"Vicki," he said, looking at me as I drew level with his bed.

"Bennett, thank goodness! I was beginning to think I'd never find anyone! What happened? Where is everybody?" The words tumbled out of my mouth as fast as I could think them. I was so relieved that he was safe, but, had I known what I know now, I might have felt different.

"The Dido people happened," he told me grimly.

I shook my head, confused. "But I thought the Dido people were friendly. That invitation to meet them, that was supposed to be out of friendship."

"A lie." Mr Bennett coughed and sat up. "They planted a bomb and timed it to go off as soon as everyone was outside. They're treacherous people, Vicki; they even killed some of their own kind in the blast."

"But what about my father and the others?" The dread I had been feeling since I woke up to find myself on a silent spacecraft seemed to increase as I asked that question. Somehow, I knew what the answer would be, but I didn't want to hear it.

Mr Bennett shook his head in a way I didn't like; the last time I saw someone shake their head like that was when my mother died. "All dead," he said. "Your father, Captain Wilson, everyone. I was injured . . ." He groaned and tried to get up, struggling for several seconds before sinking back down again. "My legs," he said by way of explanation. "But I managed to get away and . . ."

That was as much as I heard. Tears welling up in my eyes, I ran out of the room.


I can't remember how I found myself outside the ship; I guess the shock of Mr Bennett's news affected my memory somehow, so the next few minutes are somewhat hazy. All I remember is running and running, tears of grief and despair streaming down my face, then falling to my knees and breaking out into sobs. Everyone was dead, apart from myself and Mr Bennett; I would never see my father again, never hear his voice, never feel his protective arms around me. The sound I thought was thunder must have been the bomb going off.

Then, as I sat there sobbing into my arm, I heard someone behind me. Startled, I looked round to see the most hideous creature I had ever seen in my life. It was about as tall as a man, with spikes all around its head and two eyes on stalks, a being of the sort I had thought existed only in the realms of nightmare. I screamed and tried to run, but the creature grabbed me with its clawed hand and pulled me closer to it.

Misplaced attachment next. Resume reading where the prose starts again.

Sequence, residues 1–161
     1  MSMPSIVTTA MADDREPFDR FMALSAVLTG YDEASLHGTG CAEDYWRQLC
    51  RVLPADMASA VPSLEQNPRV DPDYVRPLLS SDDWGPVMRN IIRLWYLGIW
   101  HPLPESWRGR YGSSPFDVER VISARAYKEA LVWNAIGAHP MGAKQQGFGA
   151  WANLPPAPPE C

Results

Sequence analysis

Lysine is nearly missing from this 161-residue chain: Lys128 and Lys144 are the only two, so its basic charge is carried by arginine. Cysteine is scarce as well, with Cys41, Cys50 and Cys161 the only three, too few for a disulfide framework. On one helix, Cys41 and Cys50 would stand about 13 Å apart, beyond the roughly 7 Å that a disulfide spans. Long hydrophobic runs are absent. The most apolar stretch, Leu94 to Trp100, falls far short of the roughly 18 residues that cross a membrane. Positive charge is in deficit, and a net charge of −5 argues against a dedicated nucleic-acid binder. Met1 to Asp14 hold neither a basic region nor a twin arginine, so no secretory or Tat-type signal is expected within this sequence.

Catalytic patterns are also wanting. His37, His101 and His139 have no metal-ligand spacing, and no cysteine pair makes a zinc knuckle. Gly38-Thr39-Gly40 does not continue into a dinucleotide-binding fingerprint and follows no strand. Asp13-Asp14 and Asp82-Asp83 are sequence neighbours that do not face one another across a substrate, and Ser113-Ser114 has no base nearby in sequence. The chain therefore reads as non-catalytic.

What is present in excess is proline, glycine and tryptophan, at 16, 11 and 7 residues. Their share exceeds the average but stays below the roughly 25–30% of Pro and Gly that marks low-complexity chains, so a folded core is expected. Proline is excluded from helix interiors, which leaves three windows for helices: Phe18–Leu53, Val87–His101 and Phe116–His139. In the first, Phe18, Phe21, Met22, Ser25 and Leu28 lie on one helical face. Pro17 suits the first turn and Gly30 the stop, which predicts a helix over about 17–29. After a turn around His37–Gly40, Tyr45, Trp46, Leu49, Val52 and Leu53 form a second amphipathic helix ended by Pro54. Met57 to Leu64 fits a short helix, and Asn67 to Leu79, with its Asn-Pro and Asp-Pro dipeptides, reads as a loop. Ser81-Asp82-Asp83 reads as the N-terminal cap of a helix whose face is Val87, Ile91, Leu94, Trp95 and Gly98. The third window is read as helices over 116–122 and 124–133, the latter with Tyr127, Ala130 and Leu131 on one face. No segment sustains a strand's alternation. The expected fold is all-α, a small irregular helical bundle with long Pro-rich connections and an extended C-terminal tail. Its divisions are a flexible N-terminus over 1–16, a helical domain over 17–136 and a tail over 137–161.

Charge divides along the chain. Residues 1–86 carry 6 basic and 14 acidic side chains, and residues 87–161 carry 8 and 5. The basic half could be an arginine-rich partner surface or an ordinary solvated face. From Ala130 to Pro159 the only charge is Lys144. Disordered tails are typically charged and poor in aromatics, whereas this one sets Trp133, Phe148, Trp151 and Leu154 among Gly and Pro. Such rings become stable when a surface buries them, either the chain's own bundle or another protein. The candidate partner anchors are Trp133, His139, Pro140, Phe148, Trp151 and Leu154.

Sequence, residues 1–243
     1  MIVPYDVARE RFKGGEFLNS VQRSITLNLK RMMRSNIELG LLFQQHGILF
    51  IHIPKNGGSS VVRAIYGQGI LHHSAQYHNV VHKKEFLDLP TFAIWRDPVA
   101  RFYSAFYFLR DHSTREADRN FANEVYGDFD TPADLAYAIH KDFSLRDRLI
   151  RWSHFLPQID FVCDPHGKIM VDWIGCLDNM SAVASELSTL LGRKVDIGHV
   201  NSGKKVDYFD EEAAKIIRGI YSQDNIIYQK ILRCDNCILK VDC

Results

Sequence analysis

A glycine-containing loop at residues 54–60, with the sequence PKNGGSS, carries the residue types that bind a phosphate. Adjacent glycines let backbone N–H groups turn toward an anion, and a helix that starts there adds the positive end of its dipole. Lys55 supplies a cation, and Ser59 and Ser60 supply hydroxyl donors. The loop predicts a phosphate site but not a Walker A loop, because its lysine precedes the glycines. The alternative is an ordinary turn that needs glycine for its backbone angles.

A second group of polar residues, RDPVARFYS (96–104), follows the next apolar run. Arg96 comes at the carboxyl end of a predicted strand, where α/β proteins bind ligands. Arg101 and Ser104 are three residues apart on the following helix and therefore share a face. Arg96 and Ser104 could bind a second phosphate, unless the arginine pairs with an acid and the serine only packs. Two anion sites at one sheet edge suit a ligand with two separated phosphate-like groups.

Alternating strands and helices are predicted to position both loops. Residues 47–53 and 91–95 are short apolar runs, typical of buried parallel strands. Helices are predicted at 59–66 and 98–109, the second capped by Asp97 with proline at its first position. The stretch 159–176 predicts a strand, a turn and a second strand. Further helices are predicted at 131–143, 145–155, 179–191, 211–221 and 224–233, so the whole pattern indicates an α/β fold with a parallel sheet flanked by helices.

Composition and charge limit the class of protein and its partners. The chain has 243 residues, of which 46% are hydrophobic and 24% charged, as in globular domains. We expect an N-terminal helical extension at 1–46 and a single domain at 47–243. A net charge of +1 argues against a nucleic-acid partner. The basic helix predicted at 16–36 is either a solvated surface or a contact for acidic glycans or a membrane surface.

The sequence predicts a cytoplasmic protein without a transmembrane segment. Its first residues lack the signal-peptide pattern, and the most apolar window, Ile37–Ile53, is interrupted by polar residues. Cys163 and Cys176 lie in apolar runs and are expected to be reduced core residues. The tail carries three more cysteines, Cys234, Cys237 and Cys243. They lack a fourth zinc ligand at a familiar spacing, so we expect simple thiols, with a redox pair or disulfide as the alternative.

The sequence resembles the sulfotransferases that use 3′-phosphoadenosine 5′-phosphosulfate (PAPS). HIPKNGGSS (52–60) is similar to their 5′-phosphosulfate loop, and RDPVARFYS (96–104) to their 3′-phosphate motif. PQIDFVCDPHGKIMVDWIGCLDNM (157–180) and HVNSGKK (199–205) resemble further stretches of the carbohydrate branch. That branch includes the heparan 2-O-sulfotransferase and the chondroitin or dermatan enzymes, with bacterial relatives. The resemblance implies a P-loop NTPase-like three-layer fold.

"So one of you escaped," it said in a harsh voice which sounded more like the growl of an animal.

"Who . . . What are you?!" I had never been terrified of anything in my life before, but this creature was a monstrosity unlike anything I had seen before. Everything about it was hideous beyond imagining and I would have tried to escape had the . . . thing not had such a firm hold on me.

"I am Koquillion," the creature replied, loosening its hold on me slightly but continuing to threaten me with a strange weapon (somewhat similar to a large spanner) which it held in its other hand. "I am one of the native inhabitants of this planet and, unless you want me to hand you over to my people, you will do as I say. Now, tell me." Koquillion's voice lowered to a dangerous hiss. "Did anyone else survive our bomb?"

I did not reply, thinking it would be safer if I kept quiet about Mr Bennett. He was the only other human on Dido now that everyone else - I felt my tears, which had subsided somewhat, well up again at the thought - was dead. If anything happened to him, I would be alone on an alien world.

"Answer!" Koquillion raised the "spanner" as if to strike me with it.

Reluctantly, I complied; it was obvious Koquillion meant business. "Yes, there is one other back at the ship. A crippled man." I kept my eyes downcast and waited for Koquillion to reply.

"Then you will take me to him. And you will not try to escape."


Reluctantly, I escorted Koquillion back to the ship and pointed him (I had already begun to think of him as male) in the direction of Mr Bennett's room. Telling me to stay where I was and not try anything foolish, he disappeared inside, closing the door behind him. With nothing else to do, I sat down at a nearby table and tried to think about something other than my current situation. But, no matter how hard I tried, I couldn't stop thinking about how I had woken to find that everyone on the ship apart from myself and Mr Bennett was dead, how we were now at the mercy of a creature whose very appearance terrified me.

I don't know how much time passed before my curiousity got the better of me and I crept closer to Mr Bennett's door in an attempt to hear what he and Koquillion were saying. Finding myself unable to hear anything, I made to knock on the door, but, just as I did, Mr Bennett's voice called out: "You can't come in!"